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Anonymous

Anonymous asked:

You'd be surprised how oblivious people can be. Most people see prehistoric, extinct animals and automatically assume "dinosaur". What is obviously not dinosaur to you, when labeled as a dinosaur for the sake of ease, becomes "oh, so that's a dinosaur" to the common folk. My bad, I see now it's a cetacian, not a mosasaur or ichthyosaur, which it appears to be in the cropped image. Zeuglodon was denied as a valid name for Basilosaurus, as per taxonomic naming rules.

Ya see, now I don’t thank yu givin the followers of this here humble blog enough credit. I believe most of them do understand dis difference, but I aint gon keep arguin about somethin neither of us can test.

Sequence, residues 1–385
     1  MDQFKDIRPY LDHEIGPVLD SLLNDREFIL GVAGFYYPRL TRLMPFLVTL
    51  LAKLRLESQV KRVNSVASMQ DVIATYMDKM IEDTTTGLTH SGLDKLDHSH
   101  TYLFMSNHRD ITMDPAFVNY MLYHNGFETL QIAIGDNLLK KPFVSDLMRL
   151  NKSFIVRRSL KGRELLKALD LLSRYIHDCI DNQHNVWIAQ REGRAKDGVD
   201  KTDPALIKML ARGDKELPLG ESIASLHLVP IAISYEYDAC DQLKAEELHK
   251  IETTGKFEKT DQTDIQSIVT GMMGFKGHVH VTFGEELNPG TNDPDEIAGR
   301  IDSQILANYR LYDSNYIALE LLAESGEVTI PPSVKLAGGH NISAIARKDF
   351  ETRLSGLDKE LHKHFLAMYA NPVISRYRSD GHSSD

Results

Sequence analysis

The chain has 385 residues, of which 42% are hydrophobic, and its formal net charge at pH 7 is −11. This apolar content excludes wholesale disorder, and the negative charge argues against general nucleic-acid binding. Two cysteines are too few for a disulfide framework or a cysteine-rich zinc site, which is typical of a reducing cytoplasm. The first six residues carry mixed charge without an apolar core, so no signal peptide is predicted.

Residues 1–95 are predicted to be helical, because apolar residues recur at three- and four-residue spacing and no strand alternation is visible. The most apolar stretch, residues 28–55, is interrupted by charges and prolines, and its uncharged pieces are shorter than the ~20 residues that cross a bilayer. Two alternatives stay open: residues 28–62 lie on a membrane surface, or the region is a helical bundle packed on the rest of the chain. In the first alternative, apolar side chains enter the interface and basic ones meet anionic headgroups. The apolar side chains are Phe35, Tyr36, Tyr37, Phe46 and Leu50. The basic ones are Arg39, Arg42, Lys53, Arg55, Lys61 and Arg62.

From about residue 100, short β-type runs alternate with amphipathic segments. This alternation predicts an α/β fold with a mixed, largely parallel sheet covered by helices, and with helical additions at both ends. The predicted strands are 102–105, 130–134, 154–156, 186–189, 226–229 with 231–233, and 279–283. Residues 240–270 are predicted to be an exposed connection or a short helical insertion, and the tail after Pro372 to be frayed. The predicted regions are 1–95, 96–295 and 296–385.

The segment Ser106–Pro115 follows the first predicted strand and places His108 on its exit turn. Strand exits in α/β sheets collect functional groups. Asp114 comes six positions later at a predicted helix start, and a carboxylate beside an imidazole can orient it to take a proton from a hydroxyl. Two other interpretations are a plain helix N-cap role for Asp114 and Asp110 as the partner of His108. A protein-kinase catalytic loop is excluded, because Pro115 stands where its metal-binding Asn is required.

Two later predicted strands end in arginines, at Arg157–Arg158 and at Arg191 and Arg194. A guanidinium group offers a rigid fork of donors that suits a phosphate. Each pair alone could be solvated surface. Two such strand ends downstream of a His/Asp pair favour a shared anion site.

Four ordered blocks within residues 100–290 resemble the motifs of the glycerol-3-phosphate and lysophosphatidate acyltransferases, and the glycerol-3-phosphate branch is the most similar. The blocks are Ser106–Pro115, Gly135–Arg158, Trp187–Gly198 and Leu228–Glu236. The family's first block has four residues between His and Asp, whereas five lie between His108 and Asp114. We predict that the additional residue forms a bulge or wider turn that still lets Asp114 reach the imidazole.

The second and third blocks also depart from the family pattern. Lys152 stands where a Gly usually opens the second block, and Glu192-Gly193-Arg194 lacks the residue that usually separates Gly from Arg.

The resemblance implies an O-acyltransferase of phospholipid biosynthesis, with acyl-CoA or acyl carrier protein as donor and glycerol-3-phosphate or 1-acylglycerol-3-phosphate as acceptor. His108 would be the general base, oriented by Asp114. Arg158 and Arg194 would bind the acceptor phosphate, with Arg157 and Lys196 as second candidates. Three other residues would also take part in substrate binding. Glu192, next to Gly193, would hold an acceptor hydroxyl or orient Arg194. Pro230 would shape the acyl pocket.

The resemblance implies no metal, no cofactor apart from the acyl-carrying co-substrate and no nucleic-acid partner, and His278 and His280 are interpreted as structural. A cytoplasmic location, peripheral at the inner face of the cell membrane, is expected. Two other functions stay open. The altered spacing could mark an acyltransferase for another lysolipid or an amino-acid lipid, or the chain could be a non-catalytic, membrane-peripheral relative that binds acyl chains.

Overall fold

And yes, correctly, the mammal’s name is Basilosaurus, and yes, per taxonomic naming rules, but that name suggests he was a reptile (lyk yu first thot lol). The taxonomic rule is that the first name given, no matter how erroneous (even callin a mammal a reptile) sticks, even though Zeuglodon would be a correct name for a mammal such as dis. 

So let me get this straight, you are all for incorrectly calling a mammal a reptile if its per some archaic, erroneous rule, but you aren’t ok wit a rascal callin prehistoric water creatures water dinos for the sake of ease and with faith in my followers? yu done lost me with yo reason and [lack of] logic homie. 

Gather yo thoughts and pls get back to me about dat. pls. 

Anonymous

Anonymous asked: